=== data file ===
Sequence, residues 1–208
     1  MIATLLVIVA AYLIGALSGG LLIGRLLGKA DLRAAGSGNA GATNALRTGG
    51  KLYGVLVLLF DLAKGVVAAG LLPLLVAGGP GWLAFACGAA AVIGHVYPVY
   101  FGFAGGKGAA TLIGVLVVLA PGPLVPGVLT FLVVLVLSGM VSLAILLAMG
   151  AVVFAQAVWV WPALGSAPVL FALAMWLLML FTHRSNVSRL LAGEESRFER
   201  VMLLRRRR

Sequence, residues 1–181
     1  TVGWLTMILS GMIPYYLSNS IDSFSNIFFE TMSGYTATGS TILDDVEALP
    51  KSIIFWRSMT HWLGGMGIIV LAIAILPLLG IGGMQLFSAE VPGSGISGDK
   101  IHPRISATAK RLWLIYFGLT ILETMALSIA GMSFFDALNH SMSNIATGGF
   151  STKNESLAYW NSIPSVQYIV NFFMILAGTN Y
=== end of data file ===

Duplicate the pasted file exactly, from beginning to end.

Sequence, residues 1–208
     1  MIATLLVIVA AYLIGALSGG LLIGRLLGKA DLRAAGSGNA GATNALRTGG
    51  KLYGVLVLLF DLAKGVVAAG LLPLLVAGGP GWLAFACGAA AVIGHVYPVY
   101  FGFAGGKGAA TLIGVLVVLA PGPLVPGVLT FLVVLVLSGM VSLAILLAMG
   151  AVVFAQAVWV WPALGSAPVL FALAMWLLML FTHRSNVSRL LAGEESRFER
   201  VMLLRRRR

Sequence, residues 1–181
     1  TVGWLTMILS GMIPYYLSNS IDSFSNIFFE TMSGYTATGS TILDDVEALP
    51  KSIIFWRSMT HWLGGMGIIV LAIAILPLLG IGGMQLFSAE VPGSGISGDK
   101  IHPRISATAK RLWLIYFGLT ILETMALSIA GMSFFDALNH SMSNIATGGF
   151  STKNESLAYW NSIPSVQYIV NFFMILAGTN Y